Working from home has become far more common these days than it would have been even a decade ago, with an increase in those working as freelancers, telecommuting or simply working for themselves. But whilst working from home can sound like a tempting option, it can be extremely easy to fall into a routine of general procrastination and television watching.
There are ways of making working from home work for you however. In this post, I hope to show a few methods you can use to make sure you’re staying productive, proactive and just as importantly, stay sane.
One of the most important things you should do is to properly define your workspace and separate it as much as you can from your personal space. So don’t work lying in bed or sitting with your laptop on the couch. If you feel like you’re at home, you’ll begin to act like it. You need to be constantly reminded that you’re at work, and the best way to do this is to have a room (or at least a defined area) that once you’re in, you’re in work mode.
This also gives you a way to remove yourself from work at the end of the day. Often people who work from home find it difficult to be living in the same place they work, but if you can properly define your boundaries, you stand a much better chance of avoiding this problem.
You should also set yourself regular working hours, which you should absolutely stick to. It may sound strange to some people, as one of the lures of working from home is that you have much more flexible hours. But you’ll find that if you don’t have set working hours every day, the amount of work you complete during a given working day will gradually start decreasing. You’ll find that you’re starting later each day and finishing earlier, or taking whole days off here and there. If you can stick to the hours your set for yourself, you’ll find you become much more productive. You’ll also feel better about stopping at the end of the day and just relaxing, strengthening your separation of work and personal life. You shouldn’t go back to work in the evening if something comes to you outside of working hours. Instead, make a note and deal with it in the morning.
You should also keep timesheets, either every day or at least at the end of each week. Timesheets will not only help keep you to the hours you’ve set, but will also allow you to look objectively at how you’re spending your time. This will give you a much better chance of spending your time productively and will help you eliminate wasted time.
You’ll probably hear this one a lot, but that’s only because it’s genuinely good advice. Don’t just roll out of bed and start working in your pajamas. You should start the day as you would if you were travelling to your <a href=http://www.easyoffices.com>office space</a> to work; get up, have breakfast, shower and get dressed for work. That way you’ll be much more in a suitable frame of mind for a working day.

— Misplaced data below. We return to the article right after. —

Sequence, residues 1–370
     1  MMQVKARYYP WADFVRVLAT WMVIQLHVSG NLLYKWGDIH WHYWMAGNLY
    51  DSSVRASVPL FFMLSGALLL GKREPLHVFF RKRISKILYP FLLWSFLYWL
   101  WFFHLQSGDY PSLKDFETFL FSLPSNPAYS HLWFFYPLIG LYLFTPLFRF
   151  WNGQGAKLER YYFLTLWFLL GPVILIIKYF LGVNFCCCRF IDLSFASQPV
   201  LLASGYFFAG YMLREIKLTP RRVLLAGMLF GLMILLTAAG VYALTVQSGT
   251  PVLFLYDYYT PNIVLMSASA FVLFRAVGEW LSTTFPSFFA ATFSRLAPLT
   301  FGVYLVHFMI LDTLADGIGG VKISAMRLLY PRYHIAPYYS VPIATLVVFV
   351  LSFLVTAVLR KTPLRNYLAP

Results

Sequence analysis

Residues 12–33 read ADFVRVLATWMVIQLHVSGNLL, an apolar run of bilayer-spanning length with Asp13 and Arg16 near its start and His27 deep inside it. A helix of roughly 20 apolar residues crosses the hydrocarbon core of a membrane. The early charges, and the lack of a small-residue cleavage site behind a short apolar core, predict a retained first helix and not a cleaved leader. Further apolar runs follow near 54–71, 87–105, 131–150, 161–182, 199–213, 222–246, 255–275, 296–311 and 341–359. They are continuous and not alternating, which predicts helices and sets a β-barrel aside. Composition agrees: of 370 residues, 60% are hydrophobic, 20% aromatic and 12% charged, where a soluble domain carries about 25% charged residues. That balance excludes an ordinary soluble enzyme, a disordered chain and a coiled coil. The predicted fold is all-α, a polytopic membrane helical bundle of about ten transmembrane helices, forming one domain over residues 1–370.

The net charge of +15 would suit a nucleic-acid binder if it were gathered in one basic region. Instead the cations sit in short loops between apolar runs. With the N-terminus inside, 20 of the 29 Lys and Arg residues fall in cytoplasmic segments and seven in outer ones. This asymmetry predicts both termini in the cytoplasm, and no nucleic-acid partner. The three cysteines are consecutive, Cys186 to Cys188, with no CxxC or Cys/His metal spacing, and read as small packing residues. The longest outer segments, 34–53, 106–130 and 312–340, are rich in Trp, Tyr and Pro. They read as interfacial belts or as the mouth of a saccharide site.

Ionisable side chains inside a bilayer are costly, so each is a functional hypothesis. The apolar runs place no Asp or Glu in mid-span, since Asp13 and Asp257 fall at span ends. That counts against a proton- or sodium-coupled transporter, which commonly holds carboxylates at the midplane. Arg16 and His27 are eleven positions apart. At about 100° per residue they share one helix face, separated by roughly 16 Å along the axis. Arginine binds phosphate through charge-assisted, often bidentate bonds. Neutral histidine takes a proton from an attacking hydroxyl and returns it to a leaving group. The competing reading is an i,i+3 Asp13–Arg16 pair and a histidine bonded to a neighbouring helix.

Try and make an effort to keep your workspace tidy, clean and free of clutter. You’re far more likely to have a productive day if you’re not constantly distracted or wasting time trying to find something in amongst all the clutter.
To do lists are invaluable and one of my primary recommendations. Keep a list near you at all times with everything that needs to be completed. When you complete a task, you can cross it off your list. The process of crossing things off can become addictive, as you know if your pad has lots of crossed off items, you’ve had a productive day. Between this and the timesheets, you’ll be able to see exactly what you’re doing and, just as importantly, what you’re not doing.
It sounds obvious, but you should make sure you’re comfortable when working. Get a good chair that doesn’t leave you feeling uncomfortable at the end of the day. It might be worth spending some money on an executive, ergonomic chair that will keep your properly postured while you’re working.
I would also suggest it’s important to allow yourself breaks, as this gives you a chance to rest your eyes, get some fresh air and digest what you’ve been doing. Just make sure your breaks are only around 10-15 minutes long and they don’t start to get longer or include watching tv, napping, etc.
You should try and drink more water throughout the day too, as this can make a huge difference when it comes to your productivity, mood and general health. Aim to drink at least a few pints of water every day and you should start noticing a difference in a reasonably short period of time.
Lastly, you should constantly measure your work by results, even if they’re purely financial. Go over your accounts regularly and know how much money you’re making (or otherwise). It can be an incredible motivational tool when you’re acutely aware that three hours off costs you a certain amount of money. Set targets for yourself and once you’ve hit them, set new ones. Being results driven like this will make sure you don’t lack motivation when trying to work.
The most important things to make a success of working from home are determination, focus and discipline. With these virtues and a few methods that work for you, you should be able to make it work. Good luck with your business, and if you use a technique to help your productivity that isn’t covered here, please leave a comment and we’ll add it in.
This is a guest post written by John, who spends his working weeks split between working from home and working out of serviced offices Soho. He’s a professional writer and has been working under his own supervision for the last five years.